Turkey is a member of NATO and has a comprehensive and complex Association Agreement with the EU. In some senses Turkey’s border is the EU’s border given the provisions on movement of people. Germany is friendly towards Mr Erdogan, not least because the EU welcomes Turkey’s willingness to provide a home for refugees from war torn parts of the Middle East. The EU offers Turkey financial assistance with the refugee programmes, and with strengthening the long Turkish border with Middle Eastern countries. All this implies Turkey remains an important part of the Western system.
Turkey also has a complex set of relationships with Arab countries to the south. An opponent of Islamic State and similar terrorist groups, Turkey is also opposed to Kurdish independence movements and worried about the likely attack on Idlib by the Syrian state given the number of rebels and displaced persons in the last remaining rebel stronghold in Syria, close to Turkey. Turkey has allied herself with Qatar, a state which has fallen out with Saudi Arabia, the USA’s main ally in the region.
In recent months there has been a sharp deterioration in US/Turkish relations. President Erdogan felt the US did not offer sufficient support and sympathy when there was an attempted coup in Turkey. The USA thought Turkey over reacted and imprisoned too much of the opposition to the regime. Turkey does not like the way NATO works with Kurdish forces in its interventions in Syria, and is now locked in a trade war with the USA over steel and aluminium tariffs. Recently the USA has renewed its demands for the release of Pastor Brunson, and Turkey has imposed a range of high tariffs on items like cars and rice from the USA.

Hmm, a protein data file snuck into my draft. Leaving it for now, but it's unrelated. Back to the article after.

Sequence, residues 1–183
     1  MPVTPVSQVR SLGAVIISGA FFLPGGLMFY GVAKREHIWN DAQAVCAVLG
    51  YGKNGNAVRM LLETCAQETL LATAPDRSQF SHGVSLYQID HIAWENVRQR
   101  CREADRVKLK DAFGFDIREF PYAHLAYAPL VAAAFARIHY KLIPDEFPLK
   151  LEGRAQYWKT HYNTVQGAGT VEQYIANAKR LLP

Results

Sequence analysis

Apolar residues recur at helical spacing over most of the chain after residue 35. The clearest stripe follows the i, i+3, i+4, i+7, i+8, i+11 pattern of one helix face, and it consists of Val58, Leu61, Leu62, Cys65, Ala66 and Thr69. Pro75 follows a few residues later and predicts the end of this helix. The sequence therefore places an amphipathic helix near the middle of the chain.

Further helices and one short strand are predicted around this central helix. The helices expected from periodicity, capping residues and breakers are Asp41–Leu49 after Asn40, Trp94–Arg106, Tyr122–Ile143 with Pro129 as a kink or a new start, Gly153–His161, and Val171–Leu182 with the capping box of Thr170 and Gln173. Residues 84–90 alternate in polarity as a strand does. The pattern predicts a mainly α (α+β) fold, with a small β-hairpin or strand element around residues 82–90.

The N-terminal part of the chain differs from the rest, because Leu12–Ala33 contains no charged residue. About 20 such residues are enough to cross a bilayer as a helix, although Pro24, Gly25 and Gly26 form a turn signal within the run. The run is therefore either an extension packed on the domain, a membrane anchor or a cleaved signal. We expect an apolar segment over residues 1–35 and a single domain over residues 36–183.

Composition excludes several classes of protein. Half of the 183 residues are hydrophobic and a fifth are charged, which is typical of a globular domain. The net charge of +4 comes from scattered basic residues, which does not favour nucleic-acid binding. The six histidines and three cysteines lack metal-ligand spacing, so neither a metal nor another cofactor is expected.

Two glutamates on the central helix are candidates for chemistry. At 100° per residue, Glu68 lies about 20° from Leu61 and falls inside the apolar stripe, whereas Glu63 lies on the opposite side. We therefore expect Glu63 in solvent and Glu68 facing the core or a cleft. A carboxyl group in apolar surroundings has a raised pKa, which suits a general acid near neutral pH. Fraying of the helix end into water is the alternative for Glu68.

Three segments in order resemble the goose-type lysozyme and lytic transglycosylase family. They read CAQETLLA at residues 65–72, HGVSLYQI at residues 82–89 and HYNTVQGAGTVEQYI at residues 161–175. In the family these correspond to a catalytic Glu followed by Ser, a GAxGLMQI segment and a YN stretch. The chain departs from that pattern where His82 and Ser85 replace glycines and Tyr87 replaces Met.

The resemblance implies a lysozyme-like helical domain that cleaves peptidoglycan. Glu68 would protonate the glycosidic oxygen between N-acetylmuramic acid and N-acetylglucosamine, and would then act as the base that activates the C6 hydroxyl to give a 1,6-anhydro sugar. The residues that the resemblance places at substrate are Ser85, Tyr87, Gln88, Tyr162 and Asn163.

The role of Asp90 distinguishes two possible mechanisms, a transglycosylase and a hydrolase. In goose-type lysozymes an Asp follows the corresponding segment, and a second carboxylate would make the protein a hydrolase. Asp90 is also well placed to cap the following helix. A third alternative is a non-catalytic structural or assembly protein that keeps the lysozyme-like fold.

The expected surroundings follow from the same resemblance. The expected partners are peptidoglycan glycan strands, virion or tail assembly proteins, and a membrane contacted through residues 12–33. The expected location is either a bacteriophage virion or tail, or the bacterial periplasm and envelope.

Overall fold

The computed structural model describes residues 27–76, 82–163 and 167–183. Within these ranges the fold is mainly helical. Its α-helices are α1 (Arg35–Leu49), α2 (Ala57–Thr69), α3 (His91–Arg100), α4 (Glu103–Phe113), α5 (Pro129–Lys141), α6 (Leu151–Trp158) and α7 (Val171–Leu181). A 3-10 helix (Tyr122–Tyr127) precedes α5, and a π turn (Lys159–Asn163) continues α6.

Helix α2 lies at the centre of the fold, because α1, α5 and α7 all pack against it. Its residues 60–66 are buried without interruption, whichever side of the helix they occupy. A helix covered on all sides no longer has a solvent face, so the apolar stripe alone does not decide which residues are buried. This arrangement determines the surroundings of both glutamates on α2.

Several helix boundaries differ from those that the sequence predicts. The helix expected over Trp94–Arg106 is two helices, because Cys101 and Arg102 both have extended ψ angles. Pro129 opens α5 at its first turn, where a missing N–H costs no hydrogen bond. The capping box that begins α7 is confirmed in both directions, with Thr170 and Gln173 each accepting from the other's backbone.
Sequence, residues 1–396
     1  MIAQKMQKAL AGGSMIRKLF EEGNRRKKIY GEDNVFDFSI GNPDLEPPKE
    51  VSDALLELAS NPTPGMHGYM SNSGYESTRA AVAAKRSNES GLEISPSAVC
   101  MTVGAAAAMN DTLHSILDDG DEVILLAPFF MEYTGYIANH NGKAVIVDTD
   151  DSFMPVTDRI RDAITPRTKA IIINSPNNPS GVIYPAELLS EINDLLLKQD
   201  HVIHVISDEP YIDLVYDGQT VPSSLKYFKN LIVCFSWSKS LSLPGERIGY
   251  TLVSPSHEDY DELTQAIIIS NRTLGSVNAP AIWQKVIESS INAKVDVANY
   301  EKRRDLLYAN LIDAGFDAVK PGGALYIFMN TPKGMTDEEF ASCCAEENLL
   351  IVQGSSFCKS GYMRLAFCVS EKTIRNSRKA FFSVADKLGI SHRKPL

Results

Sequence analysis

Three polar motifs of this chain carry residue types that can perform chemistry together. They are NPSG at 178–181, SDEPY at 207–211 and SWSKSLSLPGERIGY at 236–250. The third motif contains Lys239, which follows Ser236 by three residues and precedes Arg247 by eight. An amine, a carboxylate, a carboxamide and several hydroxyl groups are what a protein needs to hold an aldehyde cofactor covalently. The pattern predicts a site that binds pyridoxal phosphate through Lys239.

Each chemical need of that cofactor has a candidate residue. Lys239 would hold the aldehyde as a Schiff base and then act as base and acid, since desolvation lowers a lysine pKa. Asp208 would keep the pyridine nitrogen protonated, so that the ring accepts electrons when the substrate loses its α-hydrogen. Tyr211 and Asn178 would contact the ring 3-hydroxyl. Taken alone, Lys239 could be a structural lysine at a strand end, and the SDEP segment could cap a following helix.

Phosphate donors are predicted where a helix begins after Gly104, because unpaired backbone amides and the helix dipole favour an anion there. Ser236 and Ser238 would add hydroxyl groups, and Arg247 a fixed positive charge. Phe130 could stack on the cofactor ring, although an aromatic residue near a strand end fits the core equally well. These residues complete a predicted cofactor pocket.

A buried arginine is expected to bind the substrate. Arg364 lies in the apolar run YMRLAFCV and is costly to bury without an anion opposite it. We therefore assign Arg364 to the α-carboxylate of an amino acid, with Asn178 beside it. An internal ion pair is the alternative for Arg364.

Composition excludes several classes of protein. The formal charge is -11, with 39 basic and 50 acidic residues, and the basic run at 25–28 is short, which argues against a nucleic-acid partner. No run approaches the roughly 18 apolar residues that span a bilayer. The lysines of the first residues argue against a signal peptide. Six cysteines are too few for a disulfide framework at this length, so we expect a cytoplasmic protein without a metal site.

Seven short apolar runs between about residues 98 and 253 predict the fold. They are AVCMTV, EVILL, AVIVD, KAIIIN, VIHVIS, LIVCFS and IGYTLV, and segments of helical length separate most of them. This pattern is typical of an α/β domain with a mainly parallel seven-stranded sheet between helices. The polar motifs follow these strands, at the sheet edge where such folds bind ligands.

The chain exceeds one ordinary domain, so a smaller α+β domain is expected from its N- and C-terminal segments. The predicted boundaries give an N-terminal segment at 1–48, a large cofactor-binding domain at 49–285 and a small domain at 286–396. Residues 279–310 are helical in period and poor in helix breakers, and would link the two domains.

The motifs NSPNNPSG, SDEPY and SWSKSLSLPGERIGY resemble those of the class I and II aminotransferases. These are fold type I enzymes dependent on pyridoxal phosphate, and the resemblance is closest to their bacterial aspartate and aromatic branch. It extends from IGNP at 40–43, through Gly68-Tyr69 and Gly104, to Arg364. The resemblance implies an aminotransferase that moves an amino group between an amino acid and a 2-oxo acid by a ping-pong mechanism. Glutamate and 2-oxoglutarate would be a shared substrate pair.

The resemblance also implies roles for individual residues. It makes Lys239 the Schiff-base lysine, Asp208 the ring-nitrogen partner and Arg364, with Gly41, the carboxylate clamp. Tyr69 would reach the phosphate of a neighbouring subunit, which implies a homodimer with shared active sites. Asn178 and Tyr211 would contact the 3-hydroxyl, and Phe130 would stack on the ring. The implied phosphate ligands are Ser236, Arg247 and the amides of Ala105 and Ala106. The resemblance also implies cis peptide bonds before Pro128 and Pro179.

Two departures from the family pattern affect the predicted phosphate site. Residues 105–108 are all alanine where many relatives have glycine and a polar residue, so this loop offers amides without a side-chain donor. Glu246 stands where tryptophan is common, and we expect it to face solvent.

President Erdogan timed his re election well. The economy was growing at a rapid 7%. Public spending shot up just before the polls, and the government urged the Central Bank to keep interest rates down despite the obvious build up of inflationary pressures. Shortly after the election win markets turned against the Turkish lira and demanded action to raise rates, slow the economy, rein in debts and curb price rises. The President has no wish to do these things, and has appointed his son in law as Finance Minister to help him see off unruly markets.
So far markets have been getting the better of him. A massive slide in the lira is posing problems for the Turkish companies that took out substantial dollar borrowings in the good days. The Central Bank has raised rates to 17.75 % despite Presidential reluctance, but markets want more. Now Qatar has provided some much needed relief for the banking system by offering loans of $15bn to ease shortages of foreign exchange. The Central Bank has imposed controls on commercial bank dealings in foreign exchange, and the government may turn to a wider range of controls on the movement of money to stem the run against the lira.
Russia sees all this as an opportunity. Turkey has already bought some anti aircraft missile defences from Russia despite being a NATO member. The USA is now blocking the sale of F35s to Turkey and is concerned about what technology and intelligence it shares with a member state that is developing closer relations with Russia. Tomorrow I will look at the options facing the main participants and discuss what might happen next.